Last night, in addition to the news of a new Thor, it came out that we will be seeing another figure taking up the mantle of Captain America. Steve Rogers faces a new crisis, the loss of the super serum that’s been keeping him alive and strong for decades. Now old, he needs a new hand on his shield. To that end, his friend, Sam Wilson (AKA The Falcon, played fantastically by Anthony Mackie in The Winter Soldier) is taking the mantle.
If this last detail bothers you, I need you to stop. “But Cap is white!”
No. Steve Rogers is white. Steve Rogers was made into the perfect Aryan ideal from common, unfit stock in World War II and it was his perfect blonde hair and blue eyes that fiction needed to punch Hitler in his fucking face. He was the irony America needed in World War II.
But even then, he wasn’t the only one.
In 2003, Robert Morales (writer) and Kyle Baker (pencils, ink, and color) created Isaiah Bradley for the seven part miniseries, Truth: Red, White, & Black. Bringing a face back to the too-easily forgotten black soldiers and using the Tuskegee Experiments (not to be confused with the airmen, but shoutout to them, too!) as a basis for inspiration, Bradley became another face of the Captain for World War II.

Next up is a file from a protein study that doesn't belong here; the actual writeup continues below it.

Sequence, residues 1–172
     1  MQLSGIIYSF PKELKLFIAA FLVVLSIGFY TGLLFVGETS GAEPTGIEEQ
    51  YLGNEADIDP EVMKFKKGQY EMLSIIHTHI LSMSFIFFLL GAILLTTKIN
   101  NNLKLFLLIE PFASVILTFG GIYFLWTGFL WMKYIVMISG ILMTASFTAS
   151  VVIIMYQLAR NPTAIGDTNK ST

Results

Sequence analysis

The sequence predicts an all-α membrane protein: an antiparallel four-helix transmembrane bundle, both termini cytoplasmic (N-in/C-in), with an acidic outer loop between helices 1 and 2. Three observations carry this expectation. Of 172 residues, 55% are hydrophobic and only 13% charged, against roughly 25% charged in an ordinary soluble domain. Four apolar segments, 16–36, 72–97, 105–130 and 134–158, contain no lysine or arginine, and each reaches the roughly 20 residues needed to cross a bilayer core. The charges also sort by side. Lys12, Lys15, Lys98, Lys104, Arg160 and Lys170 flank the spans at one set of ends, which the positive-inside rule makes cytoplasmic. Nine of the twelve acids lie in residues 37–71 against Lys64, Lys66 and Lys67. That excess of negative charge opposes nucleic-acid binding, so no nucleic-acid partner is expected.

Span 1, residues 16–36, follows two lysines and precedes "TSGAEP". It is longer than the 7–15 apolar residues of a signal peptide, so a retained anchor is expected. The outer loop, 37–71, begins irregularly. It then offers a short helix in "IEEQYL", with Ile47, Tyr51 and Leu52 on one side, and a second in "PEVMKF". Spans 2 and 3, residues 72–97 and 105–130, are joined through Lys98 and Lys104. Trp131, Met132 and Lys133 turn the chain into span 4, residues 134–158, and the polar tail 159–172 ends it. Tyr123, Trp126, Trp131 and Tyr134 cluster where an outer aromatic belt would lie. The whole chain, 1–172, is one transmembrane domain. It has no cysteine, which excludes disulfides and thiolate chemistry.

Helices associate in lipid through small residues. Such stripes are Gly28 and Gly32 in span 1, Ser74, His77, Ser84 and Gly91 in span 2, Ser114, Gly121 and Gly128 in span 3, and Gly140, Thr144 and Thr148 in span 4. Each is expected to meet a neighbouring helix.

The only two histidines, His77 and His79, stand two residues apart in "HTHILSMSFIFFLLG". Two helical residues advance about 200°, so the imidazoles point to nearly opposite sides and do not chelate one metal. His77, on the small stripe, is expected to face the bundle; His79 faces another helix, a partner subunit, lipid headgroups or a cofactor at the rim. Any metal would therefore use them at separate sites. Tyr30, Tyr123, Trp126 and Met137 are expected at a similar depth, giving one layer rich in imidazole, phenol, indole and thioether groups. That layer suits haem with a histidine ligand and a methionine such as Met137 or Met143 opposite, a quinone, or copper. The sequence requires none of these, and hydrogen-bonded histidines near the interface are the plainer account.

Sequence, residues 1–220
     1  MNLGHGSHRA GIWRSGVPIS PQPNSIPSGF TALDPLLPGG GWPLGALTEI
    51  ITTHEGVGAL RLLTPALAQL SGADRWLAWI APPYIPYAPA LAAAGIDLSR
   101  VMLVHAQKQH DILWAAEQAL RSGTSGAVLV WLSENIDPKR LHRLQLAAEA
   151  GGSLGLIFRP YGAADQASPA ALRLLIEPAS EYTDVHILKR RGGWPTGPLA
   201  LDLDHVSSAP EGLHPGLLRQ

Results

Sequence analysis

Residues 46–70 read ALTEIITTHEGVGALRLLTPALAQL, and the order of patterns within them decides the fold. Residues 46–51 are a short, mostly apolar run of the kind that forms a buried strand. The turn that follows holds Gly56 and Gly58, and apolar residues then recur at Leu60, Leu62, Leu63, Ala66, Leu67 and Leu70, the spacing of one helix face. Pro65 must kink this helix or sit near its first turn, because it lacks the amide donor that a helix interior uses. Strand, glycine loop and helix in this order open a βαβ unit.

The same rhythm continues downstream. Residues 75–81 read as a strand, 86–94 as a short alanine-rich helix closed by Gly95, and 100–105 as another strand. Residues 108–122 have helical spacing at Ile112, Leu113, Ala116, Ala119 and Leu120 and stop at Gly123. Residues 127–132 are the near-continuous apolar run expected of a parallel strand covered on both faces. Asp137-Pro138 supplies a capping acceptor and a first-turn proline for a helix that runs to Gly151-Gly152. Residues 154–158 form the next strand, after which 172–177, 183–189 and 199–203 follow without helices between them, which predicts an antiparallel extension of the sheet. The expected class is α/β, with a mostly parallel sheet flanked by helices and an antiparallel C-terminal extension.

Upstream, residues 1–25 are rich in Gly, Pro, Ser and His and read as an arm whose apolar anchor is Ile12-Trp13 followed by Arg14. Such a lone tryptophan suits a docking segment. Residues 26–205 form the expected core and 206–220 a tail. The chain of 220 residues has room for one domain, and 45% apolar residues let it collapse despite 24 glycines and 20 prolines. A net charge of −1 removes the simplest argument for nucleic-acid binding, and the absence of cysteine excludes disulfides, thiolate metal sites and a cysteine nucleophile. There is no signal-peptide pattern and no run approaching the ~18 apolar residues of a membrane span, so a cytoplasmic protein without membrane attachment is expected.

(YOU NEED TO READ THIS STORY. THIS IS A GOOD FUCKING STORY)
Long debated as canonical or non-canonical, today Bradley and his family are a firm part of Earth-616 comics history. Still strong but recovering from decades of abuse from both the Nazis and his own country, Isaiah not only came to the wedding of Black Panther and Storm, but his bloodline lives on to fight - Patriot, his grandson Elijah, founding member of the Young Avengers.
Isaiah’s story has added much-needed dimensions to the history of the title “Captain America.” He challenged the status quo, and in the context of his own story, like countless more stories in the real world, he paid for it dearly. Isaiah comes out of his story still strong of spirit, but not without immense cost, as Rogers comes to learn at the end of the miniseries.
Steve Rogers is white. Perhaps he truly needed to be then, to impress into the children of and after WWII the hatred that had come in the name of the white man’s ideal he was forged in, and the good he could still be. But Captain America does not have to be Steve.
He (or she) needs to be America. And America has never been made of one color, or been represented by one, or should be represented by one.
With Ms. Marvel, Thor, and Captain America this year, we’ve seen Marvel at least *try* to see the faces of today’s readers. Maybe that’s not enough, and by God, certain contingents of ‘fanboys’ will scream about the new faces of Marvel. I am not here to listen to them, and in time they will dwindle.
If America as a story is strong, then Sam Wilson, Captain America, will be, too. I’ll be there to read it.